Two of Ward Melville’s multisport athletes are taking their lacrosse talents to the national stage.
Junior Eddie Munoz and freshman Dylan Pallonetti made the Under Armour All-America Long Island highlight and command teams, respectively, and are the only two Patriots to represent the school this week in the underclass tournament from June 30 to July 3 in Baltimore.
“It’s a big honor to be representing my school and my team,” Munoz said. “It’s going to be awesome. These are the kids we’re going to be playing in college. We’re all committed to these very good Division I schools, so it’s nice to be able to play them now and then again when we get to the collegiate level.”
Munoz, who committed to Stony Brook University, originally started out playing baseball. His father Eddie Munoz Jr. said his son started to progress athletically at a young age.
“He started walking at 10 months old,” said Munoz Jr., who played baseball and wrestled at Newfield, and was a two-time All-County football player. “By 3 years old, I was throwing a football from 10 yards away and he was catching it with his hands. By the time he was 5 years old, he was switch-hitting at a batting cage and hitting 65 miles-per-hour fastballs. I’d bring him up to the field and would hit fly balls into the outfield and he would naturally be able to catch them.”
But Munoz’s mother’s cousin, who played lacrosse at Salisbury University, told the athlete, who was is an All-League, All-County and All-Long Island football player, that he needed to try lacrosse. Once he did, the rest was history.
“We put a stick in his hand in third grade and he never put it down,” Munoz Jr. said.
Munoz, who also wrestled as a freshman and won the New York State wrestling championship for youth in fifth grade, said he tried a few clinics and didn’t like them, but also said that once he got older and started playing in games, he fell in love with the sport.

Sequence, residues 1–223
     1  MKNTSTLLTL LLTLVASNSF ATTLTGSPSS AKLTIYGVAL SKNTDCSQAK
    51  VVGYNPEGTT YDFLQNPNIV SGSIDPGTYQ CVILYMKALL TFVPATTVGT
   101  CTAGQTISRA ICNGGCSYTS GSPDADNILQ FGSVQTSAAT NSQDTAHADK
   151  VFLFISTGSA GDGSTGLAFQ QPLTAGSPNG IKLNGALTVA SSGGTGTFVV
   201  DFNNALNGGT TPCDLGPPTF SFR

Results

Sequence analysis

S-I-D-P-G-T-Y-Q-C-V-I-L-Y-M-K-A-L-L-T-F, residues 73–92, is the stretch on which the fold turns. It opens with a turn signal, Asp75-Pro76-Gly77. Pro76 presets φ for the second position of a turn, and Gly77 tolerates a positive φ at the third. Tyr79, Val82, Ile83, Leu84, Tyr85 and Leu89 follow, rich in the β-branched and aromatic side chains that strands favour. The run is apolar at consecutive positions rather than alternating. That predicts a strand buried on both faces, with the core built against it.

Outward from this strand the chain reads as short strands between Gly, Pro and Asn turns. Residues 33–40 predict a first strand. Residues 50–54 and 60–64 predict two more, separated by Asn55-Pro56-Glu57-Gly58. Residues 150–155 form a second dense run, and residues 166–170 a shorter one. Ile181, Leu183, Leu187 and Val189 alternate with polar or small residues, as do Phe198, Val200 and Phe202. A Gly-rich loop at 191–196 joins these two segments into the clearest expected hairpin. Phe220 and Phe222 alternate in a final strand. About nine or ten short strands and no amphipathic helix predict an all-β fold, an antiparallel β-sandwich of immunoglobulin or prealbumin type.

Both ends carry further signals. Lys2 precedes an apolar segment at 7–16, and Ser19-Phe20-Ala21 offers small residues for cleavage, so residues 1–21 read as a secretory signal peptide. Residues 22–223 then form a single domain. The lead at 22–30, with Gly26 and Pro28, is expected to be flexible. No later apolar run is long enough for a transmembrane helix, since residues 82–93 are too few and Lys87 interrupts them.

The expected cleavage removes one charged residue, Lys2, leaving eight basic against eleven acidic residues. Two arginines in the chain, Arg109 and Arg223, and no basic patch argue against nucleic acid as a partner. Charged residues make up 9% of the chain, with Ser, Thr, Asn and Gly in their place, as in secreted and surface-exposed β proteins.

“I love the chemistry of the game,” he said. “The way everyone is with each other, the respect factor and the competitiveness, physicality — it never gets boring, there’s no sitting around — it’s constant in-and-out subbing. It’s up-tempo and that’s my kind of game.”
Although already committed, the national exposure will help but will work more in the favor of those like Pallonetti.
“This is good for him for the future,” Dylan’s mother Michele Pallonetti said. “We’re thrilled and I feel he’s very lucky. He’s worked hard for it, he deserves it, he loves the sport and he’s really passionate about it. He’ll really represent New York.”
Dylan Pallonetti also grew up playing a sport other than lacrosse. Since he was a child, his uncle had him on roller skates in the driveway, and it got him really competitive. He plays ice hockey for Ward Melville’s junior varsity team, and also played basketball. He was the fifth leading scorer in his hockey league this season.
“He’s been playing with his brother and uncle in the driveway for years, the neighbors make a joke about it,” Michele Pallonetti said.
Her son began playing lacrosse in fourth grade on the town team, and by seventh grade, he moved to the Long Island Express club team. This past season, Pallonetti made the varsity team, and earned Rookie of the Year for Suffolk County, which all came as a surprise being that it was his first year on the team.
“We’re super proud of him and most proud that he’s a freshman out there and handles himself confidently and he’s very calm,” his mother said. “He fits in with the older boys. He’s a very low-key, he doesn’t get hyped up over anything, which I think helps him deal with those types of situations, and we love watching him play. It’s very exciting.”
Dylan Pallonetti said that he’s learned a lot and believes he’s excelled at a faster rate in the sport because of all he’s learned from the older players. Although Ward Melville is nationally known, being that the team has consistently ranked high in New York standings, and was just goals shy of another New York State title this past season, he’s also excited to represent the school and more importantly, show what he’s made of.
“The competition is going to be good, a lot of coaches are going to be there and I’m going to try to just play like I always play,” he said. “I just can’t wait to play the game.”